How:
• Companies can be registered anonymously by listing another company as the owner and ensuring that company is registered somewhere where the information is not made public.
• Companies can also be legally registered in someone else’s name, even that of a stranger.
Solution:
• Create a centralized public registry of the beneficial ownership of all companies registered, operating, and traded in Canada in order to provide Canadian law authorities, journalists, civil society organizations and others with important corporate information.
• By requiring Canadian companies to provide this information to a central registry and/or provincial registries, there are additional benefits to tax authorities and law enforcement agencies in saving time and being able to investigate the ownership structure of a company without tipping off the company that they are under investigation.
• Making this information publicly available has the advantage of enabling public scrutiny, building public trust and ensuring investors, market actors and other entities are provided with greater transparency in their business dealings.

Jean Symes, Inter Pares - 27 juin 2014

Such a registry would help immensely in Inter Pares' support of people in developing countries who are working to ensure they benefit from the extraction of their natural resources, and to hold companies to account. It would pay for itself in reduced law enforcement, and make it much harder for companies to avoid taxes in Canada and in other countries around the world.

Claire Woodside - 19 juin 2014

Publish What You Pay has been actively campaigning in different jurisdictions around the world for the creation of public centralized registries of the beneficial owners of companies. The creation of a publicly available centralized register of the beneficial owners of companies has several important impacts:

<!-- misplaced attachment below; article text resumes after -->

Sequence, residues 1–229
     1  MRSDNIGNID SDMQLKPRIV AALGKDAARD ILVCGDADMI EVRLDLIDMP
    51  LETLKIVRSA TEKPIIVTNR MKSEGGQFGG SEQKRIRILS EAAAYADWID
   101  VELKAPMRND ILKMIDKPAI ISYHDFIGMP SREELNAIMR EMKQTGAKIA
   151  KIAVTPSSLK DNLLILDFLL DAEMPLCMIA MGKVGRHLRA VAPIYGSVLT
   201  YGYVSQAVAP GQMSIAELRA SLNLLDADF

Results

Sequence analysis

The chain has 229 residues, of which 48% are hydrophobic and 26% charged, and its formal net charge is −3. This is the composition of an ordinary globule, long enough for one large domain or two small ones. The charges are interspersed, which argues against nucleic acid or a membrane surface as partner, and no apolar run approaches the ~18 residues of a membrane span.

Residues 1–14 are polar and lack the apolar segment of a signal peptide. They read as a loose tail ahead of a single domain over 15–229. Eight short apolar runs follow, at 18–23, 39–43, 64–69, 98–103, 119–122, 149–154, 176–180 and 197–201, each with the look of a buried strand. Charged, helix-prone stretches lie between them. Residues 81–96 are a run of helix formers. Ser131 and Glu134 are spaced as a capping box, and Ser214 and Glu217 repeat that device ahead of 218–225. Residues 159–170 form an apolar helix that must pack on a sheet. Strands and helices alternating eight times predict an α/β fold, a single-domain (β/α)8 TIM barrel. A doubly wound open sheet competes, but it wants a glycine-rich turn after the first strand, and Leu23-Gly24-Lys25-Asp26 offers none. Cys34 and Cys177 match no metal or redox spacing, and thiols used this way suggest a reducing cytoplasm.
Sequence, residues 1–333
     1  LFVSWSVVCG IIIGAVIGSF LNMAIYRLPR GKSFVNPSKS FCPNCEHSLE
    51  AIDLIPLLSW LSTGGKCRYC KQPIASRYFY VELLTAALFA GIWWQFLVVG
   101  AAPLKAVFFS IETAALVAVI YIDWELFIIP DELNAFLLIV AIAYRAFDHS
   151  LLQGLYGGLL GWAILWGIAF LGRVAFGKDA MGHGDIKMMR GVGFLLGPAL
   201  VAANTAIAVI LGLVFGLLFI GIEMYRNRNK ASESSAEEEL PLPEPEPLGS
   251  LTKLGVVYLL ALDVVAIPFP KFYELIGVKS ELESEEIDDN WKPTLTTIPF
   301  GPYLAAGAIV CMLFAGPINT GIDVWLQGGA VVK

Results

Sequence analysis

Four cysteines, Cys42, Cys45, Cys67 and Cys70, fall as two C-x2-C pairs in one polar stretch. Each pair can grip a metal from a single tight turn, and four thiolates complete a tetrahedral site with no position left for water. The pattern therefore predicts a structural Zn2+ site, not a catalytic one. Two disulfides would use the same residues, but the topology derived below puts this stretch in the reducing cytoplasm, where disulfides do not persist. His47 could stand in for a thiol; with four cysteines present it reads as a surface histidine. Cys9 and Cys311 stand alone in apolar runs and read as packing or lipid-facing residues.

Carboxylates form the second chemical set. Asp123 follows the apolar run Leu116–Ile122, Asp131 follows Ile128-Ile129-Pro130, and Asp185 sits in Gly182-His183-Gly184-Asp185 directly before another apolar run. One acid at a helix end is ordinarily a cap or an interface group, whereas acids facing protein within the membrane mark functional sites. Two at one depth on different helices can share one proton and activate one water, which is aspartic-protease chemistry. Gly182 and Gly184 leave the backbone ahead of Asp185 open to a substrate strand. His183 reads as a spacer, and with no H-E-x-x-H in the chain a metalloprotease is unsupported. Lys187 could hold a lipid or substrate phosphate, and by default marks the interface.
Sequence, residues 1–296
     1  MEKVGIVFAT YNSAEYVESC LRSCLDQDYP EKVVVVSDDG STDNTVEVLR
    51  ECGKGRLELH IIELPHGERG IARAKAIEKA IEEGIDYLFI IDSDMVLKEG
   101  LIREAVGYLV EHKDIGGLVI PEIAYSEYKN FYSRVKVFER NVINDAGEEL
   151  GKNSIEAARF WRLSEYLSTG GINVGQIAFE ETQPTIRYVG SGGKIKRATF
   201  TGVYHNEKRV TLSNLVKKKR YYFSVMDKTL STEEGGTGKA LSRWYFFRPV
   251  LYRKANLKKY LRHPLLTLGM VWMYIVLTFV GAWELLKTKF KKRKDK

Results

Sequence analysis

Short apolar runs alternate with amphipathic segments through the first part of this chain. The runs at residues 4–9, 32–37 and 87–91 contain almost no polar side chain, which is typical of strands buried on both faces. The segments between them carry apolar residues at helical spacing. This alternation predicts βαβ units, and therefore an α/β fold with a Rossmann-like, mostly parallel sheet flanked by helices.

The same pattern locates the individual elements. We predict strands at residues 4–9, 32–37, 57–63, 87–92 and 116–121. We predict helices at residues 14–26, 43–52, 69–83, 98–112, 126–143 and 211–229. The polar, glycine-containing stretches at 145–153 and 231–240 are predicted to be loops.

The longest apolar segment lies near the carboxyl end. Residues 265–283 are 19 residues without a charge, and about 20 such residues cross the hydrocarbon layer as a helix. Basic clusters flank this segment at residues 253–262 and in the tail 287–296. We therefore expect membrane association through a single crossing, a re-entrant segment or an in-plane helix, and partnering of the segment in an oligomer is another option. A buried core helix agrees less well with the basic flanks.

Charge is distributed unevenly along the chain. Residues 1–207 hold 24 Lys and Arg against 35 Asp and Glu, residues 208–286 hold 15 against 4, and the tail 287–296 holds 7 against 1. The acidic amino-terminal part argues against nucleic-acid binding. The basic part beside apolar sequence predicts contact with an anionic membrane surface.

1. Provide businesses with important information on their partners, investors, suppliers and customers.
2. Ensure that law enforcement and tax authorities, including those from outside Canada, have quick and guaranteed access to beneficial ownership information.
3. Allow citizens, journalists and others to hold companies to account.
4. Give financial institutions a good starting point when it comes to identifying their customers for anti-money laundering purposes.

The creation of a public registry is particularly important in the extractive sector, where evidence shows that shell companies have been frequently used to hide the identity of the company’s real owner, facilitating corruption and causing citizens of resource rich countries to lose out on revenue that could have been spent on education and health care. Recognizing this, the new Extractive Industries Transparency Initiative (EITI) standard recommends that implementing countries maintain a “a publicly available register of the beneficial owners of the corporate entities that bid for, operate or invest in extractive assets, including the identity of their beneficial owners and the level of ownership” (http://eiti.org/files/English_EITI%20STANDARD_11July_0.pdf).

The new EITI standard’s inclusion of a commitment to beneficial ownership is part of a growing international trend. In the UK’s most recent OGP Action Plan, they committed to “create a publicly accessible central registry of company beneficial ownership information.”

PWYP-Canada believes that the government of Canada should make a commitment to create a publicly available centralized registry of the beneficial owners of all companies registered, listed, and operating in Canada, both provincially and federally. Such a registry will not only help to greatly reduce law enforcement costs and increase conviction rates, but will enable greater corporate oversight by Canadian civil society organizations, government officials, parliamentarians, and journalists.